SAYING NO: Zonta members Alyson Tomlinson, Jenny Dowthwaite, Debs Woolet (front), Avey Woods, Jeanette Buxton, Bea Maksimovic, Karen Benge and Aimee McIntyre hang white and orange ribbons around trees on The Strand. Photo supplied

WHILE Zonta International members were in the middle of hanging ribbons around trees on The Strand for their Zonta Says No campaign they were confronted with the very issue they were campaining about.

For the past two weeks trees on The Strand have been decorated with white and orange ribbons and posters asking passers-by to take action to stop violence against women.

Zonta Whakatane president Deb Woollett says violence against women is a huge issue in the Eastern Bay and around the world. New Zealand has the highest rates of reported family violence in the world and Eastern Bay has some of the highest rates in the country.

“This is not how we want our community to be.”

Zonta member Jenny Dowthwaite says while they were putting the ribbons up on a very quiet Sunday afternoon they were approached by a woman fleeing a violent relationship.

“We were approached by three different people expressing their support and sharing their personal story with family violence.

“One was a woman running through town trying to escape a violent partner who was looking for her. We were able to stay with her until friends came and picked her up.”

Another was a man who told them that his daughter had had to move away to Australia to escape family violence, Another was a man who commented “I used to be one of those bad buggers. but not anymore. I changed for my children.”

Even Zonta members who had joined the club earlier this year because of concern about this issue were surprised to find so many people wanting to talk.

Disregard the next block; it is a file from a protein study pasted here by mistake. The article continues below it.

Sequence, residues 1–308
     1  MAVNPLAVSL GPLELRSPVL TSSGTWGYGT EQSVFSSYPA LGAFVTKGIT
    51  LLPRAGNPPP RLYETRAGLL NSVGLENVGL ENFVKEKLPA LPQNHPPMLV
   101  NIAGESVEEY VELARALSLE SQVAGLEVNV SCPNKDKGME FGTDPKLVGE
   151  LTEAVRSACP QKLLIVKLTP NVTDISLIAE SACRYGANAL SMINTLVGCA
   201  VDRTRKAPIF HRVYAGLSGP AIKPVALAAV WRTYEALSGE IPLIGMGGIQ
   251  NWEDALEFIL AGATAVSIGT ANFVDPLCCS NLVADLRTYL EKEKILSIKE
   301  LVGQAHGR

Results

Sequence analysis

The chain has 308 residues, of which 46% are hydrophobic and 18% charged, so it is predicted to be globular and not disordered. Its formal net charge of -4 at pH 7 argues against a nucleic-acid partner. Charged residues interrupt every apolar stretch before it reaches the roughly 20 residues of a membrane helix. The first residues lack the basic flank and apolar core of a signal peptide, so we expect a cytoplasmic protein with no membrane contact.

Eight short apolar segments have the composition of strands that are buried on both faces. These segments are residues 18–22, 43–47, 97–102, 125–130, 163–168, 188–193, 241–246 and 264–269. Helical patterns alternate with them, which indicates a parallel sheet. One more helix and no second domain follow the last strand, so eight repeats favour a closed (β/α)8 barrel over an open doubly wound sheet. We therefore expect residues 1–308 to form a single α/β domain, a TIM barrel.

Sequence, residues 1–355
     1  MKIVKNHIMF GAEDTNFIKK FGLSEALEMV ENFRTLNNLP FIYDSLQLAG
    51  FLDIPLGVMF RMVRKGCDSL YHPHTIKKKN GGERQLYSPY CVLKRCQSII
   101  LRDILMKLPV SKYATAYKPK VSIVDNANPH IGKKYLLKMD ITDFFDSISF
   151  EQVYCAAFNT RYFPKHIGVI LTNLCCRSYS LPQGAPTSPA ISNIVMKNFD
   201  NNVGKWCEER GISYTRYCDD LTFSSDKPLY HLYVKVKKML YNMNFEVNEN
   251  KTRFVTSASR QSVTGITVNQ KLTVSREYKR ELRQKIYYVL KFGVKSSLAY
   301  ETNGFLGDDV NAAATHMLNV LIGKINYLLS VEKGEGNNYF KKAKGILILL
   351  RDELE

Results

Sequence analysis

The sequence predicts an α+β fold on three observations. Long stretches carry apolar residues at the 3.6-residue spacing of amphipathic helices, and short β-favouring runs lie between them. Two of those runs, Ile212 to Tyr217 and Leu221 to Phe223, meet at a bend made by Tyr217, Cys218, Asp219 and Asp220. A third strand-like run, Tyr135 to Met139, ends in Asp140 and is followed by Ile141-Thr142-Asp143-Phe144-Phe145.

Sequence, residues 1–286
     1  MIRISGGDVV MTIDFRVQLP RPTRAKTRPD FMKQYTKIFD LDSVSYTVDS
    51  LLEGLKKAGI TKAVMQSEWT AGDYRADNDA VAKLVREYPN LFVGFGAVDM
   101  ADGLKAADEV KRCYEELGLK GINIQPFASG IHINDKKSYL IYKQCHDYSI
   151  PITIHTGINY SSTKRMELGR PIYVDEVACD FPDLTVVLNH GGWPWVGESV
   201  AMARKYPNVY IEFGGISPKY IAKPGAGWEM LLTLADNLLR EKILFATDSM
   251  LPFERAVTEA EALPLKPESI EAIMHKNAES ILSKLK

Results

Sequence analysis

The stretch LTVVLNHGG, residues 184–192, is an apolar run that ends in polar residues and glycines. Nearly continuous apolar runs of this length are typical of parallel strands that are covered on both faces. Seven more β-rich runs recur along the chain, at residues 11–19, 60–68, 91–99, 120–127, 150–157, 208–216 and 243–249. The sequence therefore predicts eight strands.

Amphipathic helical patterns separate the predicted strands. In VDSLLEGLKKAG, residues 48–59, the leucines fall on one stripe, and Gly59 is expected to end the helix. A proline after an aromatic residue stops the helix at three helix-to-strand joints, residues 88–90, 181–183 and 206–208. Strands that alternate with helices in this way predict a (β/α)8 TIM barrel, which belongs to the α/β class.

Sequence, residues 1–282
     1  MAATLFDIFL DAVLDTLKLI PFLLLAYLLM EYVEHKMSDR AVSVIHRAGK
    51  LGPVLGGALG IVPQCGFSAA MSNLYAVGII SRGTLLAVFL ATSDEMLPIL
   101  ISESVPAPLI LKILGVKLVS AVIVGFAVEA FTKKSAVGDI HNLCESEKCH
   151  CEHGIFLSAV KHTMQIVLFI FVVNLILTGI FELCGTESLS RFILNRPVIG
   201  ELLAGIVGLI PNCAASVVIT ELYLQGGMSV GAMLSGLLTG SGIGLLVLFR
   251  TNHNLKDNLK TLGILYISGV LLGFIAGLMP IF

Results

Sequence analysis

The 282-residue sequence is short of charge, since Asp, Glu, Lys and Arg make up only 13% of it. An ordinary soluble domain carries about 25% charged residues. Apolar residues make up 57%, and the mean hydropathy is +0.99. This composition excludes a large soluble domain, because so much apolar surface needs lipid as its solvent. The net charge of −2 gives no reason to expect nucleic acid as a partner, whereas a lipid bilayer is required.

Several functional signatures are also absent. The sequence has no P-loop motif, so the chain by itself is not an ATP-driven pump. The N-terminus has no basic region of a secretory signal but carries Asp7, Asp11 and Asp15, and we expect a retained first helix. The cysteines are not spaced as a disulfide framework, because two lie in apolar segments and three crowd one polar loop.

The club decided this year to encourage others to support those experiencing abuse by just being there for their friends and family. As one of the Zonta members says, “Leaving an abusive partner was one of the most difficult and dangerous things I’ve ever done. It took all my courage and I could not have done it without the very patient support of my family and friends, who did not give up on me even though it took years.”

Deb says violence and abuse against women is one of the most fundamental human rights abuses. “It keeps women and children in a cycle of fear and subjugation where escape is seen as too difficult for a variety of reasons.

“A woman living with the fear of violence and abuse is, at best, unable to live her life fully, and, at worst, lives in fear of dying on a daily basis. “These women’s children’s lives are often also severely impacted. This has to change if we are to grow as a society.”

SUPPORT: Bea Maksimovic ties a white ribbon around a tree to help change attitudes around violence against women.

Zonta Says No is a global campaign to get more people to speak up and take action rather than looking away when they see or hear aggressive and violent behaviour. Zonta International’s 1200 clubs in 63 countries, have all been committed to taking action during these 16 days.

Orange is the colour chosen by the United Nation to symbolise a brighter future free from violence. In hundreds of towns and cities across the world, prominent building and landmarks are being lit up in orange, including Christchurch Airport and the Auckland Harbour Bridge.

In Whakatane, the Zonta Club has blended the orange ribbons with the more familiar white ribbon of the White Ribbon campaign. The Zonta Club of Whakatane started in June this year and has 30 members from a wide range of backgrounds all committed to empowering and supporting women and girls.

As well as helping to support essential services providing women’s education, health care and safe living conditions, Zonta clubs are involved in advocating for law and attitude changes that will help every girl reach her potential and campaigns like this one are part of this work.


Previous articleChristmas boxes
Next articleAn English country garden